Between stints alongside Circa Survive, Protest The Hero and Dead Letter Circus manic monsters He Danced Ivy have concocted their new single Guillotines; a raging tear thatpulls at the borders between Rage Against the Machine and Avril Lavigne.
We caught up with the band to find out what songs they love to dance to
Worms of the Senses / Faculties of the Skull – Refused
“They told me that the classics never go out of style”, Your damn right they don’t! This banger of a track goes through so many riffs, hooks and grooves. When the buildup at the end of the song hits, you just want to turn it up and move around uncontrollably like Peter Garrett at a rave.
Sleepwalk Capsules – At The Drive-In
“I was shown this track by a good friend while living in Banff, Canada. We lived in The Banff Centre’s staff accommodation block which didn’t work well with my screamed requests to “play that f**king jam again! And louder!”.
11 spins and a noise complaint later
It changed the way I looked at being a musician, a front man, a lyricist, everything. Psychopathically fast yet equally colourful, being drenched in Cedric’s surreal lyrical landscape was something else. When I came back to Australia I listened to Relationship Of Command driving from Bellingen to Coffs Harbour for about a year straight. 90% of the reason I went to Splendour In The Grass 2016 was for this band. God I love them and their afros.”
BFG Division (Doom Soundtrack) – Mick Gordon
A couple years ago, I found myself in a musical drought as far as Heavy Music and started dabbling in a lot of Drum & Bass and EDM as a result. After a week or so into this a rumor about a new Doom Soundtrack started circling, being hailed as a new creative powerhouse and fusion off all things heavy and electronic.
Having this hype but no official release yet and being composed by Australia’s own Mick Gordon, I was intrigued enough to give it a shot. After searching high and low, I finally stumbled onto it.
What followed was 9 minutes of pure sonic onslaught. Within seconds I found myself stomping and skipping through the room bewildered by what had just hit me. As heavy as heavy can be, creative in sound design and uniquely groovy enough to make anyone move – it was the perfect response to the game it was intended for. It’s since become a huge cult success and a band favorite for us (which is evidenced in a video of us throwing down to it at a peaceful BBQ we were having).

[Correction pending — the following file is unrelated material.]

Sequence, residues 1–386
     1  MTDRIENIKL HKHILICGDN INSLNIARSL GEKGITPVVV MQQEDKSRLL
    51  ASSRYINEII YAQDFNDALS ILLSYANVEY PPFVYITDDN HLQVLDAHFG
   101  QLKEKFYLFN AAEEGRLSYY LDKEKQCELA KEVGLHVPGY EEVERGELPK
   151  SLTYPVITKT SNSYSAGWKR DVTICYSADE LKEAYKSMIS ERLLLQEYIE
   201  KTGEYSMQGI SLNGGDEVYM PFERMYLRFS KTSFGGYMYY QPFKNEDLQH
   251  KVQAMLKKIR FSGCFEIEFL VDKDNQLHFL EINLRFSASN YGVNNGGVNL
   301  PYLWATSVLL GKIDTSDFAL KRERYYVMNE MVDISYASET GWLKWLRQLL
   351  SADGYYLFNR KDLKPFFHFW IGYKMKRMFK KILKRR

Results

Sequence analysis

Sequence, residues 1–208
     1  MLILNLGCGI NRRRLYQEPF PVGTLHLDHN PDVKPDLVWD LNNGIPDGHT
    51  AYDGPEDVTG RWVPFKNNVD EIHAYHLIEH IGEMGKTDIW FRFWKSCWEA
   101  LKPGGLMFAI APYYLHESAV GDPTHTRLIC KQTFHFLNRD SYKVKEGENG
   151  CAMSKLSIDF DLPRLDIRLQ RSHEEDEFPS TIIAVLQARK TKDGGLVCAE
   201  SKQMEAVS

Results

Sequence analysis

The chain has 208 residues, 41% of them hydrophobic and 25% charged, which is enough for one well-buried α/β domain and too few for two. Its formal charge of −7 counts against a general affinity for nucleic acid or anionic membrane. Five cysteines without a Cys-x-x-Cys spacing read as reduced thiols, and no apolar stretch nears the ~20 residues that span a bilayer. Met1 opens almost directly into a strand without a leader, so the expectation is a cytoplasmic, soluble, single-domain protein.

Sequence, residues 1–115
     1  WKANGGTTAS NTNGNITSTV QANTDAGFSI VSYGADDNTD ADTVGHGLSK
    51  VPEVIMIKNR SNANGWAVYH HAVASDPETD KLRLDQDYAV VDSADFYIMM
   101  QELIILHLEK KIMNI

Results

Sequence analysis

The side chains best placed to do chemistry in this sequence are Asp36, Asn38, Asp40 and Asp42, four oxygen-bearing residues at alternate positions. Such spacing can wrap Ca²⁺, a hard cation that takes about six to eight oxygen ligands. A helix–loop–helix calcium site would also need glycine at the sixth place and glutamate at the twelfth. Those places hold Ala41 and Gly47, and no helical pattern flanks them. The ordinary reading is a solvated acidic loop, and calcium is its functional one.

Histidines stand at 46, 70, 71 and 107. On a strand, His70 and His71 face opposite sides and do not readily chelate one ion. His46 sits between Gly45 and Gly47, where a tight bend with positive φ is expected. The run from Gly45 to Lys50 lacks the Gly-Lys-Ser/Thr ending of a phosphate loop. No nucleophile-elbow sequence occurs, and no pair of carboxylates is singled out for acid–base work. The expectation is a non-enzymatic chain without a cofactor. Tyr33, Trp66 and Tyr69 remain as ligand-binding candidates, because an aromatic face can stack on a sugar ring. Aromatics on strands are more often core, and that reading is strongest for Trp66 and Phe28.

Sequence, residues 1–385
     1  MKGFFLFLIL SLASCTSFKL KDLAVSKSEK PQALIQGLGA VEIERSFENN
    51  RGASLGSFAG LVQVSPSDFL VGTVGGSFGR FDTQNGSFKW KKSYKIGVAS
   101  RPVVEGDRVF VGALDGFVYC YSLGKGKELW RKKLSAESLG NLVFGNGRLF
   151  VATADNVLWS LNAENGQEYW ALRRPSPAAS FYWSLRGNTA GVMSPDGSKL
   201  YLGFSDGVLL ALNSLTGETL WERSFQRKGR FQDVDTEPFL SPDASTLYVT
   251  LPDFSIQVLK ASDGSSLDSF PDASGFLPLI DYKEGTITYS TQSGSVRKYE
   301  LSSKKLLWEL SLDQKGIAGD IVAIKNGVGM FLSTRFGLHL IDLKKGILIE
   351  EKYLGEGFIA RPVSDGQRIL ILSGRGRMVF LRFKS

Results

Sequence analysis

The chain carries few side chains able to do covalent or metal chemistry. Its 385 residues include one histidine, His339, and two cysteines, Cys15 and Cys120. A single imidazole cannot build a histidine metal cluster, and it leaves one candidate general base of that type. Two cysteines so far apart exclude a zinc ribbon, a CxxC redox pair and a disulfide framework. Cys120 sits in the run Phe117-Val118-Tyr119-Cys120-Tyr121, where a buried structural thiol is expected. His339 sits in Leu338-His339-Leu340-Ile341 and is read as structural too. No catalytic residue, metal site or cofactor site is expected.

If you’re looking for something new and exciting or need to get pumped, this is a must to check out.
Wesley’s Theory – Kendrick Lamar
God damn, this track is a bop! This is my ‘okay, you got 4 hours sleep, but you have to work for the next 9 hours’ driving to work wake up ritual… As a bassist, the constant, almost hyperactive, melodic noodling of Thundercats filtered bass work that lays the foundation of the song pulls me in every time – its fierce and unrelentlessly catchy as it weaves its way around Kendrick’s flow. Like the rest of the album that follows, it holds some uniquely excellent one-liners that, for me, are up their with some of the modern hip hop greats and ultimately sets the rest of the tracks to a ridiculously high standard. Its lyrically complex and touches on some rock hard issues, but it does it covered with an energetically extravagant quirky smile.
That hook, man – groove city deluxe!
Osaka Punch – Stonk.
One of the funniest and most engaging band’s in the Brisbane scene. We’ve been mates for years and they never fail to impress live, on record, in videos, nothing.
This track drunkenly stumbles through meaty ass riffs, synthy ass breakdowns, spacey ass bridges, just big ol’ ass on everything. It screams “Play me live you bloody crumb”.
We would like fries with that Osaka Punch. We really would.